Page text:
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Between the early 1970s and the millennium, US men with diabetes enjoyed substantial improvements in mortality from cardiovascular and all causes that matched improvements in the non-diabetic population. Women with diabetes were left behind, however: an analysis of three nationally representative health surveys shows that their all cause and cardiovascular mortality remained essentially unchanged throughout the 30 years leading up to 2000. The excess annual mortality in women with diabetes compared with non-diabetic women more than doubled from 8.3 deaths per 1000 to 126.96.36.199.
The study's authors and a linked editorial agree that these trends look worrying for US women with diabetes. In the first survey, which covered the years 1971-86, women with diabetes had a clear survival advantage over men with the disease. This advantage was completely wiped out by the third survey (1988-2000).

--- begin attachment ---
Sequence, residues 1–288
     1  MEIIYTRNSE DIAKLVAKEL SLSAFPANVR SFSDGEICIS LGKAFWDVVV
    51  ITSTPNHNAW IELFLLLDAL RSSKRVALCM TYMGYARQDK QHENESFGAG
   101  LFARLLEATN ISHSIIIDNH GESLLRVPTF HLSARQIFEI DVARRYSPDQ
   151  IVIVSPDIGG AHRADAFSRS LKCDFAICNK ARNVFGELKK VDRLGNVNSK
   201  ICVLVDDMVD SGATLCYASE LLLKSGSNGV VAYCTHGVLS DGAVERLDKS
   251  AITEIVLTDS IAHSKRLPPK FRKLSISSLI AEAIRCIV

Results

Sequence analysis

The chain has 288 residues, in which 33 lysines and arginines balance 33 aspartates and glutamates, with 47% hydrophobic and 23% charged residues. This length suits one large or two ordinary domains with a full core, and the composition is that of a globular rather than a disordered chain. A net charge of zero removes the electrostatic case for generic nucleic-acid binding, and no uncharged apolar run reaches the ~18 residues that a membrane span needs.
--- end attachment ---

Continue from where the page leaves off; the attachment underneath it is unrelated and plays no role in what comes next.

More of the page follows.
US citizens are now living longer thanks to better control of cardiovascular risk factors and better treatments for coronary heart disease, says the editorial. It seems likely that women with diabetes have missed out on both. Researchers need to find out why as a matter of urgency. They should also be looking closely at what has happened to women with diabetes since the millennium.